What I Learned: Notion

May 18, 2020 20:18 · 732 words · 4 minute read whatilearned

For many years the question on how to organize my notes and personal information has troubled me. Many years ago, I used Evernote to organize digital information. Since I didn’t like the obtrusive advertising for the premium account (which didn’t need), I switched to Microsoft OneNote instead. I guess it’s a fine application, however, I couldn’t get used to it. The lack of predefined formatting (you can type text anywhere, even overlapping) and continuous synchronization problems made me do another switch, to Notable. I liked Notable very much since it’s open-source and has a nice design. Also, I was specifically looking for an application that supports taking notes in Markdown. The only lack of Notable is the absence of mobile applications, which made me do the switch to Joplin. They both are pretty similar, with Joplin having mobile applications and synchronization over third-party services, however, it looks rather dull. In conclusion, I constantly switched applications without being pleased, until I found Notion:

Notion Notion (source: notion.so)

Notion Overview

Notion is a web application that also offers desktop and mobile applications. Information in Notion is stored in pages. Each page can be filled with various content and can have unlimited subpages (each of them can have additional subpages themselves, and so on). This allows to build up a hierarchical structure of pages, which I find incredibly useful for organizing information. That way, there is no difference between something like a folder in other applications and a page in Notion. The way you use a page defines, what it is, which shows the universal character of pages. I’m surprised how well and intuitively organizing my notes like that worked for me.

Each page has a title and can be filled with various content. Per default, there is a list of all subpages, that can be rearranged and incorporated in the page’s structure. One controverse fact is the extensive use of emojis, though I really like the visual aspect since images are much faster recognized by the brain than text.

Markdown is the best, or is it?

Notion does not store its content in Markdown, however, import and export from and to Markdown are possible. I have thought for a long time, Markdown was the best option to write digital notes, but Notion led me to believe something different. The crucial downside of Markdown is it’s static. The content can not be interacted with, there are no dynamic contents and formatting options are pretty rare (no vertical splits, etc.). It’s basically like print and I now think Markdown does not use the full potential of a digital markup language.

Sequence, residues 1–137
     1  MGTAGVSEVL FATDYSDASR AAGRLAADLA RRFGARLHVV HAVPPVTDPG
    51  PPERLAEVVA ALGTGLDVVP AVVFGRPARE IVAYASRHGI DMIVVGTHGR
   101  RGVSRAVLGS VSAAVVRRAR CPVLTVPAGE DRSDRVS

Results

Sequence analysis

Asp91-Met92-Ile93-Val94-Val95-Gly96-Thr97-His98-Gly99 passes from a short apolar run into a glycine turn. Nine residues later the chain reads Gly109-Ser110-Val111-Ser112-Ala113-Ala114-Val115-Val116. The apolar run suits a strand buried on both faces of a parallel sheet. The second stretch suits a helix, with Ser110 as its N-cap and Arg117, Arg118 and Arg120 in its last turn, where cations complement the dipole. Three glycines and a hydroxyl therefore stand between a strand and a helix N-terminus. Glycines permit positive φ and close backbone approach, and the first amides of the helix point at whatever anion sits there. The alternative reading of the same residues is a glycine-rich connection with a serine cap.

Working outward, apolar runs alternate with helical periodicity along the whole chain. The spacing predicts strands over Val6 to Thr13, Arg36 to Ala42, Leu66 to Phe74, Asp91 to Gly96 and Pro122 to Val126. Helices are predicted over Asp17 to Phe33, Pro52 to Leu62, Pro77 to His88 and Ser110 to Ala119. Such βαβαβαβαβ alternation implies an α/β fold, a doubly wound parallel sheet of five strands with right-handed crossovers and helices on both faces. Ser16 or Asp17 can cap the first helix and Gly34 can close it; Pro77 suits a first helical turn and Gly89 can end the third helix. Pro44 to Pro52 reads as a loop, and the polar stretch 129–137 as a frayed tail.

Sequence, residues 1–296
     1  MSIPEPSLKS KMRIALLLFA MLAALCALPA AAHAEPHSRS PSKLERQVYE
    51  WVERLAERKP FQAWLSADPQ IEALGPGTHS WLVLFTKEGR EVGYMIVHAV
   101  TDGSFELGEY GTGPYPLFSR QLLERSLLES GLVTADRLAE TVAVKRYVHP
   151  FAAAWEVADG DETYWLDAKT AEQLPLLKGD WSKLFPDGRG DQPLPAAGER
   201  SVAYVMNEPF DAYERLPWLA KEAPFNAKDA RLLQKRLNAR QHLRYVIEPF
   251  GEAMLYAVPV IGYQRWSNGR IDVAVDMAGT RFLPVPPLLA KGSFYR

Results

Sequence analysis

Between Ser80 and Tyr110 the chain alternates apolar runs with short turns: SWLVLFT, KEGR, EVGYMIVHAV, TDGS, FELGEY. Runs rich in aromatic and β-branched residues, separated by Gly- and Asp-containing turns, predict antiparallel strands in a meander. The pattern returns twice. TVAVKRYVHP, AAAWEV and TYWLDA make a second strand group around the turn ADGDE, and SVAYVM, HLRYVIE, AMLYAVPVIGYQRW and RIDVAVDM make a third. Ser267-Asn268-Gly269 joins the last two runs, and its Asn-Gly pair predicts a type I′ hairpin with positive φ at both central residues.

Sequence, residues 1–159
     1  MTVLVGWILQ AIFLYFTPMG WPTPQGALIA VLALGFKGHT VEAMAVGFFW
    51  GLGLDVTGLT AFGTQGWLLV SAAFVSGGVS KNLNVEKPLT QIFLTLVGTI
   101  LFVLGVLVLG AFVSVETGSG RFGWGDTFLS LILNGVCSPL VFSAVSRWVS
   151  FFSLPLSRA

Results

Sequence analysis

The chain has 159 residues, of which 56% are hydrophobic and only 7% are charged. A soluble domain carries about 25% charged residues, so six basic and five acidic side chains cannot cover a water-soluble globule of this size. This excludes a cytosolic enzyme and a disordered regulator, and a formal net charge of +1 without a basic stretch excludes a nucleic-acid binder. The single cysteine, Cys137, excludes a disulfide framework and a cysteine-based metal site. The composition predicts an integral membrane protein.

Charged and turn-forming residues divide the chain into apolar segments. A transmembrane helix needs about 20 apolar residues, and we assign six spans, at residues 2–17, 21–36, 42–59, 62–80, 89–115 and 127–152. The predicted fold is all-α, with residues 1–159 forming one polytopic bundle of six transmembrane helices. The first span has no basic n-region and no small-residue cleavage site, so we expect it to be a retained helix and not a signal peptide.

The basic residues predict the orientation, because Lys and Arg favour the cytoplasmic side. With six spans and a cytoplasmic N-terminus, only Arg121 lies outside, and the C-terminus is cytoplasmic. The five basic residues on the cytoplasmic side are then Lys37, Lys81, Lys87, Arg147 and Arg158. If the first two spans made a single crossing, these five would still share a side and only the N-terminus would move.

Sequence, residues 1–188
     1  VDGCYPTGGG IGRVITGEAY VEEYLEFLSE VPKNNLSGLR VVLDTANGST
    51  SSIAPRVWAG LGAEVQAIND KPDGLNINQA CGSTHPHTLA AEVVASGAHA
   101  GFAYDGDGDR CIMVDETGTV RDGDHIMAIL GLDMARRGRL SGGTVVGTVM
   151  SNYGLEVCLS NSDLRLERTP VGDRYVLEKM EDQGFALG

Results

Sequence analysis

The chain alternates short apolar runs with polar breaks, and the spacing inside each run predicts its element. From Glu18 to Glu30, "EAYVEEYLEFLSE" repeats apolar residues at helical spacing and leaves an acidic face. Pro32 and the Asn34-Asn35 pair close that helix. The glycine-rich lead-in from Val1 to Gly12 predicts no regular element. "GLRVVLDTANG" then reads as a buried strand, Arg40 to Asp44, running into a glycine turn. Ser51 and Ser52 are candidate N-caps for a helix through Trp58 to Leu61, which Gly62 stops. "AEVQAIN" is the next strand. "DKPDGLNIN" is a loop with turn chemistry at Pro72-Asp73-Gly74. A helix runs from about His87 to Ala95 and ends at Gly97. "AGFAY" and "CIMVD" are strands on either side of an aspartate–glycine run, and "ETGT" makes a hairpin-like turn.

In contrast to that, Notion offers a lot of types of content. For starters, content can be arranged in columns. Expanders allow collapsing content under a heading, which I use a lot since it creates a great overview of the structure of a page. With Notion, you can also embed PDF documents, have visual links to websites, add videos, add audio files, and connect to various web services to grab content from there. With the “@” command, each thing in the Notion workspace can be referenced, allowing for advanced connections between different pages.

Killer Feature: Databases

The most outstanding feature of Notion has to be databases. A database can be inserted into any page or serve as a standalone page. Then, items can be added to the database, that act as pages but have additional, configurable properties. One simple example is a Kanban board, where each page of the database has a “Status” property that can be set to “Planned”, “Doing” and “Done”. Additional properties can be added for more sophisticated datasets while each property can have a different type like text, select, checkbox, number, etc. Advanced queries can be run on these databases, really elevating organizing information within a note app on the next level. I use databases among other things for my training schedule and tracking side projects. Here is an example of databases in action:

Databases Notion Databases (source: notion.so)

The Downsides

Of course, the downside of all this has to be, that Notion is a proprietary application. The notes are stored on foreign servers and Notion has announced that employees can access the encrypted data of their users. Also, the application is based on a subscription model, however, there is a free option for up to 1000 blocks of content and people in education.